Fork in the Road
By 2004, Ndelo had graduated with his first degree, but before he graduated, a choice needed to be made. His parents were proud of the progress in school, but he was having doubts about his original pursuit of electrical engineering. His newfound focus was on a relatively unknown medium at the time, digital media production. Stuck at an intersection in his life, Ndelo needed guidance from another party. Naturally, it was Ndelo’s father that ultimately guided him through.
“You said you wanted to do this, I push you to do it,” Ndelo said about his father’s support of his original electrical engineering pursuits. “But do what you want to do. It’s your life.”
Ndelo switched his major to digital media production and, admittedly, says that he felt conflicted, torn between what he wanted to do and what would make his parents proud.
“It sounds smart as hell,” Ndelo said of being an engineer, “like, ‘I raised a good one. Look what all the time and investment went to.’ An artist, it doesn’t sound as promising, but really the whole time, that’s what was true deep-deep down in my heart.”
He was about to embark into unknown territory, but ultimately, it would pay off in more ways than he could imagine
Post-college and the Present Day
Pursuing digital media immediately opened doors for Ndelo. He interned at a store in L.A. called Deluxe DVD. While he was there, Ndelo got to work on the packaging for artists like Jay-Z and was exposed to more developing technology, digital editing, and video production. After L.A., he found himself on the other side of the country in New York City, working in graphic art design and developing music videos.
Today, a one-time tough decision has manifested itself. DRC ApeParel is now headquartered in Ndelo’s Camp North End print shop. He and his partner Taj Polite co-founded the store, printing T-shirts for the brand and businesses. It’s a culmination of Ndelo’s entire skillset that has come full circle through his digital media pursuits.
The New Media World
Digital media has played a major role in Macfly Fresh’s operations, especially since the onset of the pandemic. The printing company used to have a significant focus on live events which meant traveling to community gatherings, festivals, and schools to teach and print T-shirts for the public at large. With the pandemic shutting those things down for the time being, Ndelo says the company has been pivoting to more digital offerings; but in the process, maintaining the core business.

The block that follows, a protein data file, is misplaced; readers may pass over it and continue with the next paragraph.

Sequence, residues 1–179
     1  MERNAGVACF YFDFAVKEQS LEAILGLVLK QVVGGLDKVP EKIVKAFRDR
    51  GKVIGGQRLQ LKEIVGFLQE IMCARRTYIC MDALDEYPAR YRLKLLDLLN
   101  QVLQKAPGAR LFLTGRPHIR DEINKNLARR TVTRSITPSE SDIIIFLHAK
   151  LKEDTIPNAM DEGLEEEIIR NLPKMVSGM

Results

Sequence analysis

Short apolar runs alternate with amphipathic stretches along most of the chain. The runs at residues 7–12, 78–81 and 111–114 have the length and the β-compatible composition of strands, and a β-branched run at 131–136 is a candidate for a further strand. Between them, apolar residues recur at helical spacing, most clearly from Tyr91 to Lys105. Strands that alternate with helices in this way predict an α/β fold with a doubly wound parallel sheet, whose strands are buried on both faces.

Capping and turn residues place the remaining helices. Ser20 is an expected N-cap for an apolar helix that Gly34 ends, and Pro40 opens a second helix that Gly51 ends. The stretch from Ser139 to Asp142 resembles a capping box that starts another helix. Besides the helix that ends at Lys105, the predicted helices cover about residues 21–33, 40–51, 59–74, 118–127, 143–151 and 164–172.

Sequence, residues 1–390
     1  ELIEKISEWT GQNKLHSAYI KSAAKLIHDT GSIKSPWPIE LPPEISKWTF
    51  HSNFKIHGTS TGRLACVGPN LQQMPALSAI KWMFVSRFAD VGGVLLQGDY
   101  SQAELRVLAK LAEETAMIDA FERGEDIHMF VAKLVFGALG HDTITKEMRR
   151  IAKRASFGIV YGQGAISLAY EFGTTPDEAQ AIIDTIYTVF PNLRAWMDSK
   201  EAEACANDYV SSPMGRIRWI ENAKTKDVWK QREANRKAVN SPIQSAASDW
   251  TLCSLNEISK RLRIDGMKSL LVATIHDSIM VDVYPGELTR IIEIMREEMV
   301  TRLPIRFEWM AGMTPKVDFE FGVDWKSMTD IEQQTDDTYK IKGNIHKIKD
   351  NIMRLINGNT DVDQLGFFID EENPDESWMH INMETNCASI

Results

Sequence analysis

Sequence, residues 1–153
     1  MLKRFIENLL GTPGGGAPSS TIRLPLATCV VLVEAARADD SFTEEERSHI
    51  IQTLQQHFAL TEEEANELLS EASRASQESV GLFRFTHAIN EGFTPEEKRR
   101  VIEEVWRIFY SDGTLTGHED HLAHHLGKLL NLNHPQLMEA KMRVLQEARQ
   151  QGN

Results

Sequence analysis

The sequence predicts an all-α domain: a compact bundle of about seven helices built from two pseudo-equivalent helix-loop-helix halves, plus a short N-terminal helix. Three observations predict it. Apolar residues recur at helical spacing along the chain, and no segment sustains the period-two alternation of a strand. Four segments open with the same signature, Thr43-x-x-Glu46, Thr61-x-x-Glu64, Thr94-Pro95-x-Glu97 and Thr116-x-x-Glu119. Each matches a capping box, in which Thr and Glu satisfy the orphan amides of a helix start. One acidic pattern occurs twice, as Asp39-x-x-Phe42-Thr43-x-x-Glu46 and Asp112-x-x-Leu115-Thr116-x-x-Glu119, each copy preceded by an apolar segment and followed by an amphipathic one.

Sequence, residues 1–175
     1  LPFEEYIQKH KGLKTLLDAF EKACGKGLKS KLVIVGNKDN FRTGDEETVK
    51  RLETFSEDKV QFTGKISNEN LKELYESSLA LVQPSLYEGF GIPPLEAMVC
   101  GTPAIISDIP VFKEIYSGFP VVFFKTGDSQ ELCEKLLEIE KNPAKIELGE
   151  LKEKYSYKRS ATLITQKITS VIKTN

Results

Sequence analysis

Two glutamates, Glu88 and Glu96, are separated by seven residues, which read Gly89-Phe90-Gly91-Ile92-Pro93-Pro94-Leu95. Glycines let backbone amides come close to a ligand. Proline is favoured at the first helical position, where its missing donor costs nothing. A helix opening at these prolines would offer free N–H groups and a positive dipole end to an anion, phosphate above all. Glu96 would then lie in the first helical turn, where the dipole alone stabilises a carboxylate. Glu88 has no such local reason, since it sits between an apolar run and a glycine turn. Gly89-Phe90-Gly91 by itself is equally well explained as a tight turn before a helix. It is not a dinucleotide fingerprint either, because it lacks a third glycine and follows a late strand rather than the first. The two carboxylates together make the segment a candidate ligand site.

“How can I still do what I love without sacrificing and going in a whole new direction,” Ndelo said of the new strategy. He added the way forward will be a “compact but chunky digital outfit,” utilizing more online services (including online classes), heat press services, appliqué, twill, and other areas that don’t involve using ink as much (which can be expensive).
Ndelo admits that his mindset at one point during the pandemic was bleak but, with the new direction, things have turned out to be for the better. “It’s allowed us to reach more people, and now we love it,” he said. “It’s become part of the strategy net when it might have been, like, something that you might have thought about doing later on.”
That’s largely included Live From The Print Shop, the bi-monthly, Youtube concert series that was being set up during the conversation and uses the Ndelo’s store as it’s basecamp. It’s the brainchild of Rhasaan Smith and Terance Murray, two former employees at Power 98 in Charlotte, but it’s also another example of business within Ndelo’s family– Murray and Ndelo are brothers-in-law. The goal of the concert series is to give up-and-coming artists the platform to perform and receive a customized T-shirt to market and sell in order to expand their brand. With the pandemic forcing live concerts to be virtual, it’s also become a primary medium to market the tools Ndelo has at his disposal.
With a diversity of skills and a willingness to adapt, Ndelo has been able to master the chaotic moments and navigate the intersections he’s faced in life. Looking back, he credits his mother and father for molding him and his siblings into the leaders that they are today.
“If you look back at it, we were all kind of following that path that my father had the mindset for, but even my mom was an entrepreneur,” Ndelo said. “It’s a blueprint of what they kind of did, but we took it a little bit further.”